A ‘tired’ spacecraft touring the Saturn system for the last 13 years will take its death plunge into the monster planet soon
On its course for the September 15 plunge into Saturn, NASA’s Cassini spacecraft has made the “goodbye kiss” flyby of the planet’s giant moon Titan. The spacecraft made its closest approach to Titan on Monday at 3.04 pm EDT (12.34 a.m. IST Wednesday), at an altitude of 119,049 kilometeres above the moon’s surface, NASA said.
This distant encounter is referred to informally as “the goodbye kiss” by mission engineers because it provides a gravitational nudge that sends the spacecraft toward its dramatic ending in Saturn’s upper atmosphere. The geometry of the flyby causes Cassini to slow down slightly in its orbit around Saturn.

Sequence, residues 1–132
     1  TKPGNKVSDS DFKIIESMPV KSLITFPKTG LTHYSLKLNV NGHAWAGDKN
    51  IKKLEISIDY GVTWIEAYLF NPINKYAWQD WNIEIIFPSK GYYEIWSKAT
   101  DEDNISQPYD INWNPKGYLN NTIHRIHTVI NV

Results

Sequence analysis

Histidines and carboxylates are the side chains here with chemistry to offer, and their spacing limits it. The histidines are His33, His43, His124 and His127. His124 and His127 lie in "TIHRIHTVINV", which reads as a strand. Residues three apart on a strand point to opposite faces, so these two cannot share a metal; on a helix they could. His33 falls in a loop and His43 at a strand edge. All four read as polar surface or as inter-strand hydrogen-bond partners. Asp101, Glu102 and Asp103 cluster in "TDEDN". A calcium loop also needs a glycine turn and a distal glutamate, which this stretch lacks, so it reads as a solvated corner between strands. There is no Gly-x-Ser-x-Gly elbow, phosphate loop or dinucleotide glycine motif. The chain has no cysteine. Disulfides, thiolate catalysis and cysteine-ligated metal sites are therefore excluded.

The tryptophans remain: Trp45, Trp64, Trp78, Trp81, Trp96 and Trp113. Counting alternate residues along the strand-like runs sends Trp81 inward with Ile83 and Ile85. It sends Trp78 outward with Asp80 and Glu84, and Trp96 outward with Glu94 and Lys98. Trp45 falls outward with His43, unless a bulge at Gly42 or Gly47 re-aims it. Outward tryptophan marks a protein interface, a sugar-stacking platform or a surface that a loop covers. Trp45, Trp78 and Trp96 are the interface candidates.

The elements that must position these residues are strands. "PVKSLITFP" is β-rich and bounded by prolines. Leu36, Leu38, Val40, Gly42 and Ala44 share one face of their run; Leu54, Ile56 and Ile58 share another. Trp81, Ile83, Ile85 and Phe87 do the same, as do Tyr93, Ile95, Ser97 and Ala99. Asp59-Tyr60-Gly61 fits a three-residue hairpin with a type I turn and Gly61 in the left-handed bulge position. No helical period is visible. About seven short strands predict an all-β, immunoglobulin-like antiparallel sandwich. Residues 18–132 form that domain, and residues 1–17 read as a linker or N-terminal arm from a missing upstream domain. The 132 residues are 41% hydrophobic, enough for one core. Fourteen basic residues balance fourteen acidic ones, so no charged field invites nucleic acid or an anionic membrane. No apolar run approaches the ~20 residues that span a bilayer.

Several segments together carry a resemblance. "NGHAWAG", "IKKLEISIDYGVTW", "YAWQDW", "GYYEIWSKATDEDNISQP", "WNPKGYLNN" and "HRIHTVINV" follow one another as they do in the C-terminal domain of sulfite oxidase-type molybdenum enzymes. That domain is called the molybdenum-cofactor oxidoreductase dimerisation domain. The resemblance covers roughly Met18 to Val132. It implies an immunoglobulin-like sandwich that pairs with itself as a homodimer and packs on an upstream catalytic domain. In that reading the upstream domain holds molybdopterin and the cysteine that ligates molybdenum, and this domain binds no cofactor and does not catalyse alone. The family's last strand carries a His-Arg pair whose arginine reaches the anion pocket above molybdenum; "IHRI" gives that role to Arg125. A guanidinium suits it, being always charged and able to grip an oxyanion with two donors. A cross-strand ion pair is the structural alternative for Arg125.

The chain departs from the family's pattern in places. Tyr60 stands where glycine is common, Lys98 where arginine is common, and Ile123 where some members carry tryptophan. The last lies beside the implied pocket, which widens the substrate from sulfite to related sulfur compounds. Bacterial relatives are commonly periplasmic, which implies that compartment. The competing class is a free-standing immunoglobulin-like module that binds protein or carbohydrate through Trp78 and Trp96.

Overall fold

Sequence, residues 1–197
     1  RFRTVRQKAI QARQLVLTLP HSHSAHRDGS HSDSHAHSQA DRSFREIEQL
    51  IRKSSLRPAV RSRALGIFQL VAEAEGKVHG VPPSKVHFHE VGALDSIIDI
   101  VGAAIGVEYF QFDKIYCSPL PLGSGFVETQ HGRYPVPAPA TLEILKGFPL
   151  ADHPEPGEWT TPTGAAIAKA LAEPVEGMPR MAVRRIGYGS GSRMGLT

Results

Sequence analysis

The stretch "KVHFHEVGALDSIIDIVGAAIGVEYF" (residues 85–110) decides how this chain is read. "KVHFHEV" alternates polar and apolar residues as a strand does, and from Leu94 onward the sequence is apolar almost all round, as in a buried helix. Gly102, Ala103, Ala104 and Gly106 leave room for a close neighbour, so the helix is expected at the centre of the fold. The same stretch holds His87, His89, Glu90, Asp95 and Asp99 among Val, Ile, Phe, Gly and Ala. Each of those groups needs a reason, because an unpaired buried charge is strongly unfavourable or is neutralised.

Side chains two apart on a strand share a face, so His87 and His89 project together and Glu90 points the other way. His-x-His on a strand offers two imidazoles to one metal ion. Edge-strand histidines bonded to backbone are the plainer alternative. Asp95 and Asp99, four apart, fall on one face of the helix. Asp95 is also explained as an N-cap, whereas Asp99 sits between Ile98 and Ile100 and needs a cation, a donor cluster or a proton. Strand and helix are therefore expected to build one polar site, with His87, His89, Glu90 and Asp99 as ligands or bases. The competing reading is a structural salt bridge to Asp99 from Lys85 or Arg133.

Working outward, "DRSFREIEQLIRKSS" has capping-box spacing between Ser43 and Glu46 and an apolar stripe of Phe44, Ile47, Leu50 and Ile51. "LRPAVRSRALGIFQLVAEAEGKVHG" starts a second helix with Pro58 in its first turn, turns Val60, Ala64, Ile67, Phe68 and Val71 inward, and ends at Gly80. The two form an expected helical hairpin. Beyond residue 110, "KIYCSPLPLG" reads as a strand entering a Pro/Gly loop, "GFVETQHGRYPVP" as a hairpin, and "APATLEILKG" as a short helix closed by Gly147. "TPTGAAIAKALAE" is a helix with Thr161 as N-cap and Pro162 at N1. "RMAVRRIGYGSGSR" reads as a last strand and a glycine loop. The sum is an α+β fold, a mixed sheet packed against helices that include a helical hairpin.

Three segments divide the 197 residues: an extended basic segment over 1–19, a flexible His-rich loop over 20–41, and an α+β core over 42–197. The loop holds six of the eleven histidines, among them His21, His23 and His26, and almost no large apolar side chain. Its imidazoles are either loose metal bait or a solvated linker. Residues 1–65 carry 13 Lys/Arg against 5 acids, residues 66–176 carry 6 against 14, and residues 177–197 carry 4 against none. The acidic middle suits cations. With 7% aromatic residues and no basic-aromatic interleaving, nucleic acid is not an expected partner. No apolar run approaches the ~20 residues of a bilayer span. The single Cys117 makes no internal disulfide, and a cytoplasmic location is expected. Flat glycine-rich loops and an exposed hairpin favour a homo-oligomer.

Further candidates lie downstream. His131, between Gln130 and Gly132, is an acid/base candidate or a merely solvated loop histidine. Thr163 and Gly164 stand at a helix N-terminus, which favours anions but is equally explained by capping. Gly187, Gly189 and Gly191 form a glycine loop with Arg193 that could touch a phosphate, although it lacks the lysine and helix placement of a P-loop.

“Cassini has been in a long-term relationship with Titan, with a new rendezvous nearly every month for more than a decade,” said Cassini Project Manager Earl Maize at NASA’s Jet Propulsion Laboratory in Pasadena, California. “This final encounter is something of a bittersweet goodbye, but as it has done throughout the mission, Titan’s gravity is once again sending Cassini where we need it to go,” Maize said.
The spacecraft is scheduled to make contact with Earth on September 12 at about 9:19 p.m. EDT. Images and other science data were taken during the encounter are expected to begin streaming to Earth soon after. Navigators will analyse the spacecraft’s trajectory following this downlink to confirm that Cassini is precisely on course to dive into Saturn at the planned time, location and altitude, NASA said.
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